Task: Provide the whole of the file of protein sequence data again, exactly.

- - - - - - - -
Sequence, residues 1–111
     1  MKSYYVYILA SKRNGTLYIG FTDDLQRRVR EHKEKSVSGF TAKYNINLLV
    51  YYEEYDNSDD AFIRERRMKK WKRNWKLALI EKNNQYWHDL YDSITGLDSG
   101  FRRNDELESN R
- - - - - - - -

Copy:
Sequence, residues 1–111
     1  MKSYYVYILA SKRNGTLYIG FTDDLQRRVR EHKEKSVSGF TAKYNINLLV
    51  YYEEYDNSDD AFIRERRMKK WKRNWKLALI EKNNQYWHDL YDSITGLDSG
   101  FRRNDELESN R